We differ with the Court of Civil Appeals in these rulings in two respects only. In the first place, we hold that a fiduciary relationship was established as a matter of law under the undisputed evidence in this record; and, secondly, that the presumptive unfairness and invalidity of the transactions in question stand unrebutted in any respect by Moore.

This Court wrote in Kinzbach Tool Co., Inc. v. Corbett-Wallace Corp., 138 Tex. 565, 160 S.W.2d 509 (1942), that the term "fiduciary" is derived from the civil law and contemplates fair dealing and good faith, rather than legal obligation, as the basis of the transaction. Further, that the term includes those informal relations which exist whenever one party trusts and relies upon another, as well as technical fiduciary relations. Id. 160 S.W.2d at 513; and see cases cited from this and other jurisdictions.

In accord see Higgins v. Chicago Title & Trust Co., 312 Ill. 11, 143 N.E. 482, where it was said:

A fiduciary relation is not limited to cases of trustee and cestui que trust, guardian and ward, attorney and client, nor other recognized legal relations, but it exists in all cases in which influence has been acquired and abused, in which confidence has been reposed and betrayed, and the origin of the confidence is immaterial, and may be moral, social, or domestic, or merely personal.

Id. at 18, 143 N.E. at 484.

It was said in Lappas v. Barker, 375 S.W.2d 248 (Ky.1964), that a fiduciary relationship exists when the parties are "`under a duty to act for or give advice for the benefit of another upon matters within the scope of the relation'. Restatement, Torts, Section 874. It exists where a special confidence is reposed in another who in equity and good conscience is bound to act in good faith and with due regard to the interests of the one reposing confidence." Id. at 251.

*508 In resolving the problem of the existence or not of a fiduciary relationship this Court has severely scrutinized transactions between parties where trust and confidence is reposed by one, and personal profit is gained by another. See Stephens County Museum, Inc. v. Swenson, 517 S.W.2d 257 (Tex.1974); Archer v. Griffith, 390 S.W.2d 735 (Tex.1964); International Bankers Life Ins. Co. v. Holloway, 368 S.W.2d 567 (Tex. 1963); and Kinzbach Tool Co., Inc. v. Corbett-Wallace Corp., 138 Tex. 565, 160 S.W.2d 509 (1942). The problem is one of equity and the circumstances out of which a fiduciary relationship will be said to arise are not subject to hard and fast lines. This is well illustrated by the case of Johnson v. Peckham, 132 Tex. 148, 120 S.W.2d 786, 120 ALR 720 (1938). In this case the courts considered the question of whether a fiduciary relationship existed between partners assumed by this Court to be such in the ordinary sense. Peckham originally sued Johnson for an accounting of the business of an alleged partnership between them while engaged in owning and operating certain oil leases. Johnson by cross action alleged among other things, that Peckham did not disclose material matters when purchasing Johnson's interest in the partnership assets and hence did not act in good faith. The judgment of the trial court was for Johnson. Upon appeal by Peckham, the Court of Civil Appeals reversed this judgment and remanded the cause. 98 S.W.2d 408. This Court, speaking through then Commissioner Hickman, later Chief Justice of this Court, first determined that one ground of the reversal, i. e., that the damages were measured by an incorrect rule, was not before the Court for review, hence the judgment of the Court of Civil Appeals must be affirmed regardless of whether that court correctly reversed the judgment on other grounds.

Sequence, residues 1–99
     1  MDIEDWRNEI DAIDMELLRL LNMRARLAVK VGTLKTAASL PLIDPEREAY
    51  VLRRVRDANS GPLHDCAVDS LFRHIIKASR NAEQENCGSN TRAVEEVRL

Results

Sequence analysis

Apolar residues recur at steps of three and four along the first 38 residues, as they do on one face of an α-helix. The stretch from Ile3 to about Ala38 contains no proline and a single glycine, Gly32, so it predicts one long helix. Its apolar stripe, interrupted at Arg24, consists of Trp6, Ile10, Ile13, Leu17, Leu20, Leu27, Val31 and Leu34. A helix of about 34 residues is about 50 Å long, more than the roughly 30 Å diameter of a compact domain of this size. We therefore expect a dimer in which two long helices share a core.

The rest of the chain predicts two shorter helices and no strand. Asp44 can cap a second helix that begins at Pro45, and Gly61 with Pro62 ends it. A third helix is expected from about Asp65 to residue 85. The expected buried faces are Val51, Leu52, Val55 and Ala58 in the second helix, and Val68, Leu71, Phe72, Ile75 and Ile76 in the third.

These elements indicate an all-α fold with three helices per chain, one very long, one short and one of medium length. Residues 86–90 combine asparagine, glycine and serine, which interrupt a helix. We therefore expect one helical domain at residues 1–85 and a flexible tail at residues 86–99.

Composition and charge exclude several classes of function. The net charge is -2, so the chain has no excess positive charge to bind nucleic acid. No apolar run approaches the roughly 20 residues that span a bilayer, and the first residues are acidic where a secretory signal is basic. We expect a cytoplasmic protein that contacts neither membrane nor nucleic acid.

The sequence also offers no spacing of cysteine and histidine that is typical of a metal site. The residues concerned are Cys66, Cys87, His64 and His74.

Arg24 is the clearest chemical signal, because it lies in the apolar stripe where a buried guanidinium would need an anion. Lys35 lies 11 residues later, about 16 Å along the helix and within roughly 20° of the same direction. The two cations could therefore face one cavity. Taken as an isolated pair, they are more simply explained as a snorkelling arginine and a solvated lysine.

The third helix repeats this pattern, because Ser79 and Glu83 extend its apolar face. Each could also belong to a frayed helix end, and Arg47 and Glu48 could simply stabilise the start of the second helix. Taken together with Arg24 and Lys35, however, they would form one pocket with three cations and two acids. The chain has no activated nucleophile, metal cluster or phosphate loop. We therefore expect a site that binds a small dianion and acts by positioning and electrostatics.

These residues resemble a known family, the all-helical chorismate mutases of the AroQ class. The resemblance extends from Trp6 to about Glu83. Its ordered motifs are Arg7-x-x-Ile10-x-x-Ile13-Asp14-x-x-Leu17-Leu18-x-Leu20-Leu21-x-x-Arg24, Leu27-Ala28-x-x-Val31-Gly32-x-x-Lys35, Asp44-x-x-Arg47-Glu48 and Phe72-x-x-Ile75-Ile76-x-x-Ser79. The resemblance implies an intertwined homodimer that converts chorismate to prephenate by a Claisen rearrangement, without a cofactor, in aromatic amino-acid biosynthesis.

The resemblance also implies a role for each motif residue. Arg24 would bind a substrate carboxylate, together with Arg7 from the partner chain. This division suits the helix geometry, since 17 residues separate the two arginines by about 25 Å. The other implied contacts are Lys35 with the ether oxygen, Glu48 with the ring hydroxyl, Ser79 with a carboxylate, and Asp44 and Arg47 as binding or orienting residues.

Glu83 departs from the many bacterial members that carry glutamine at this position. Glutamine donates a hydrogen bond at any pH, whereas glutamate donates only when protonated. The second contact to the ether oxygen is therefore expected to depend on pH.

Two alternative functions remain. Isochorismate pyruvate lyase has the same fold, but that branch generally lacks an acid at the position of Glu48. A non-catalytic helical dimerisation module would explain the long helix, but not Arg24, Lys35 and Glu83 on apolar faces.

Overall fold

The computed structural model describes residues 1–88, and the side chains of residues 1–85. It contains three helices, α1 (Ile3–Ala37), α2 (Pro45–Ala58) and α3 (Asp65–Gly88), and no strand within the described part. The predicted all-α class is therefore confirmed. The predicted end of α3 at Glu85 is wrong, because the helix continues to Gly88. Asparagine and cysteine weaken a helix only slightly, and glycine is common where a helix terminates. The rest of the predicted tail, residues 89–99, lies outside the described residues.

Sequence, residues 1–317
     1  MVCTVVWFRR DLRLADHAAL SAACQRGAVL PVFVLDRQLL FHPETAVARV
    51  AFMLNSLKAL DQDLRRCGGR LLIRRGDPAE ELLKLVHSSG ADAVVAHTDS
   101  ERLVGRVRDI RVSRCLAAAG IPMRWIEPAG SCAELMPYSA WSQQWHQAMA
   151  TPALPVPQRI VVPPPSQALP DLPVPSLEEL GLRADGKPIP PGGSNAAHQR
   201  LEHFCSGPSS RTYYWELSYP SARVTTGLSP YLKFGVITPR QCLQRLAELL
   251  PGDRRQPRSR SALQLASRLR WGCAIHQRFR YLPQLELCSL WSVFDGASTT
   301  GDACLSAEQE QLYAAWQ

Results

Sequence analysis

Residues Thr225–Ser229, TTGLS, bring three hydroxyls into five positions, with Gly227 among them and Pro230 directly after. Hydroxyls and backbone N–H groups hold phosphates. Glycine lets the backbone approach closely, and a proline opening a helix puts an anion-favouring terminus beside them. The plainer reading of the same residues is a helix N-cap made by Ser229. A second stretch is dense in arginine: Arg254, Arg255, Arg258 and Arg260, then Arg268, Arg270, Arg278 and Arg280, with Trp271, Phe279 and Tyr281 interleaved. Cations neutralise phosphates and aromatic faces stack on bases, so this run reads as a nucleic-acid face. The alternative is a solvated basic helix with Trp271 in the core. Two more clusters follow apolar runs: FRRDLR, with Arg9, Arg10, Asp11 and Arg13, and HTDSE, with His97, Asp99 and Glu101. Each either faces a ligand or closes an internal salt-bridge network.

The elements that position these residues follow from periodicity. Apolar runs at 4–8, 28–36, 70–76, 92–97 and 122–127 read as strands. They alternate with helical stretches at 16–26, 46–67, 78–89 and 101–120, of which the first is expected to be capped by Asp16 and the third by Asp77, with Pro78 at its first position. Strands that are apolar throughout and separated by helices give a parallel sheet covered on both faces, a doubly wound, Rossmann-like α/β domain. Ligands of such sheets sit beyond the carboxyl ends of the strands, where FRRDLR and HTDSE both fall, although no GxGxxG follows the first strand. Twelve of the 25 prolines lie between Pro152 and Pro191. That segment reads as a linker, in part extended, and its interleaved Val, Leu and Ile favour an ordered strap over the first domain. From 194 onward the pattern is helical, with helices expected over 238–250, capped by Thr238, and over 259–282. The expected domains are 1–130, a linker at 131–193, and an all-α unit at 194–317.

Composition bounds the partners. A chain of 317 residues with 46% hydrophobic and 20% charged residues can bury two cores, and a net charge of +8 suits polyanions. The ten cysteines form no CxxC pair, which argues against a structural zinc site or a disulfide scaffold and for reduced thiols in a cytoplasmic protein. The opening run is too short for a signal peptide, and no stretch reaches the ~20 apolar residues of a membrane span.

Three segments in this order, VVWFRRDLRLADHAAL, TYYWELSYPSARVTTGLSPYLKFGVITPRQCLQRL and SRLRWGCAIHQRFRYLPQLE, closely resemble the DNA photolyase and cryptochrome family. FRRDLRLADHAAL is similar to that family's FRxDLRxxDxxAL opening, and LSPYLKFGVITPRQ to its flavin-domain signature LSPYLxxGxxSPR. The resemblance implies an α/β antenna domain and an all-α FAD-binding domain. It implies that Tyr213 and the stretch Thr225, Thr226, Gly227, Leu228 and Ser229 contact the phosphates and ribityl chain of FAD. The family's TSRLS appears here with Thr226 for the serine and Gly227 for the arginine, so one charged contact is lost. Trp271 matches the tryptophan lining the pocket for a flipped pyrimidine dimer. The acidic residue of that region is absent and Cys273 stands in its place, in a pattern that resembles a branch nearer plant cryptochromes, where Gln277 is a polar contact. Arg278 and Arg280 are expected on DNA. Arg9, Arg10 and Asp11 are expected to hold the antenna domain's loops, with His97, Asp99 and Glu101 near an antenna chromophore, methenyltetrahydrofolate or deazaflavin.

This Court then proceeded to determine whether the Court of Civil Appeals was in error in also ruling that the trial court erred in not submitting special issues which in substance would have called upon the jury to determine whether or not Johnson and Peckham were dealing at arm's length, and whether or not Johnson relied on Peckham to make certain material disclosures. This in turn, said this Court, turned on a determination of whether each partner had the right to know what the other knew since each is the confidential agent of the other. The Court of Civil Appeals had ruled that this accepted rule was inapplicable because of evidence that strained relations had grown up between the partners, hence Peckham was justified in dealing with Johnson as a stranger.

In disagreeing with the Court of Civil Appeals, this Court wrote "[t]hat is the standard of the market place, but in courts of equity a much higher standard for measuring conduct obtains." 120 S.W.2d at 788. And further:

When persons enter into fiduciary relations each consents, as a matter of law, to have his conduct towards the other measured by the standards of the finer loyalties exacted by courts of equity. That is a sound rule and should not be whittled down by exceptions. If the existence of strained relations should be suffered to work an exception, then a designing fiduciary could easily bring about such relations to set the stage for a sharp bargain. There is no suggestion in this record that Peckham did that thing, but mischief would result more often from engrafting exceptions upon the general rule than from a strict adherence thereto.

Id. 120 S.W.2d at 788.